Kasabach Merritt syndrome in a 28-year-old female: A strange case report
How to cite this article: Sinha SK, Vidhatri R, Pal D, Gupta B. Kasabach Merritt syndrome in a 28-year-old female: A strange case report. J Hematol Allied Sci 2021;1:81-3.
Kasabach Merritt syndrome (KMS) is a rare disease in which a benign vascular tumor that is hemangioma grows rapidly, entraps red blood cells, platelets, and coagulation factors leading to activation of coagulation cascade resulting in life-threatening disseminated intravascular coagulation and microangiopathic hemolytic anemia. KMS affects newborns and infants. Rarely can affect older children and adults with only a few cases reported in the existing literature. Clinically patients present with large cutaneous hemangioma usually involving the extremities however visceral organs may be involved in some cases along with anemia, thrombocytopenia, coagulopathy, and bleeding. We report a case of KMS in a 28-year-old female who presented with bilateral subdural hematoma, thrombocytopenia, and consumption coagulopathy. She was given seven days course of methylprednisolone to which she responded well.
Kasabach Merritt syndrome
Kasabach Merritt Syndrome (KMS) is a rare disorder associated with a high risk of mortality in absence of early intervention. It was first described in 1940 by Kasabach and Merritt in an infant who presented with a giant cutaneous hemangioma, thrombocytopenia, and bleeding manifestation. It mainly affects newborns and infants. Rare cases in older children and adults have been reported. There is no sex predilection. Patient with KMS presents with rapidly enlarging superficial cutaneous hemangioma usually involving the extremities. Some patients may present with vascular tumors involving the visceral organ such as the spleen, liver, and brain in form of tufted angioma and Kapasiform hemangioendothelioma. The syndrome is characterized by hemangioma, thrombocytopenia, and consumption coagulopathy. The vasculature of the lesion entraps the red blood cells, platelets, and coagulation factors leading to secondary activation of the coagulation cascade, fibrinogen consumption, and formation of fibrin degraded products, resulting in disseminated intravascular coagulation and features of microangiopathic hemolytic anemia such as schistocytes on peripheral blood smear which may aid in diagnosis.
The mortality rate ranges from 10 to 37%. Mortality is usually associated with involvement of visceral organs, hemorrhage due to invasion, severe thrombocytopenia, disseminated intravascular coagulation, and iatrogenic complications.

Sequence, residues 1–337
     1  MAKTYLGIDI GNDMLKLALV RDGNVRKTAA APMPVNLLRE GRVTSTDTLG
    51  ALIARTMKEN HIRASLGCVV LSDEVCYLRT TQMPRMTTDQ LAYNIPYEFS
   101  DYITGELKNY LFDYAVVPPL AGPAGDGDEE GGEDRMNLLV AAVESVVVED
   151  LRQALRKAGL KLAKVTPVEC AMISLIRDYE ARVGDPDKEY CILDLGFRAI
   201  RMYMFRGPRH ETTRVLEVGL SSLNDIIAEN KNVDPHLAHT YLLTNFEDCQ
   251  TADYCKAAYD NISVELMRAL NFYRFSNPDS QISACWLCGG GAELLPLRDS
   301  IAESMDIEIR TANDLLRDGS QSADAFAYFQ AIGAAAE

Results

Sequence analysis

A young female, 28-year-old presented with complaints of pallor, severe headache, and hematuria for three days. On examination, she had moderate pallor. There was no evidence of yellowish discoloration of eyes, obvious petechiae or ecchymosis, or any organomegaly. At age of 10-year, she was hospitalized for similar complaints to a local hospital where brain imaging was done which revealed a subdural hematoma. However, there was no documentation of any treatment received then and she lost to follow up as she was doing well. There was no history of related complaints in the family. Her menstrual cycle was regular with a 28-day cycle. Routine investigations were performed, complete blood count revealed normocytic anemia (hemoglobin 9.4 g/dl) and thrombocytopenia (platelet-15,000/μl). Peripheral blood examination revealed anisocytosis with hypochromasia and a few fragmented RBCs. Other laboratory parameters, including total leukocyte count, liver function test, urea, creatinine, uric acid, were within the normal biological reference interval. A urine routine examination was done which revealed 10–12 red blood cells/HPF. Prothrombin time and activated partial thromboplastin time were 32 and 36 s respectively, D-Dimer 100 mg/dl (upper limit – 40 mg/dl). Non-contrast computed tomography scan of the brain was done which revealed bilateral acute/subacute subdural hematoma [Figure 1]. Antinuclear antibody and anti-cardiolipin antibody were negative. Based on clinical presentation, examination findings, and laboratory parameters, she was diagnosed with KMS. She received platelets and fresh frozen plasma. She was given 30mg methylprednisolone for seven days to which she responded well and led to gradual improvement of symptoms. At the time of discharge, she was asymptomatic, and her complete blood count was normal (Hemoglobin-11 g/dl, Platelets-112,000/μL). The patient is on regular follow-up on an outdoor basis and is maintaining normal complete blood count parameters.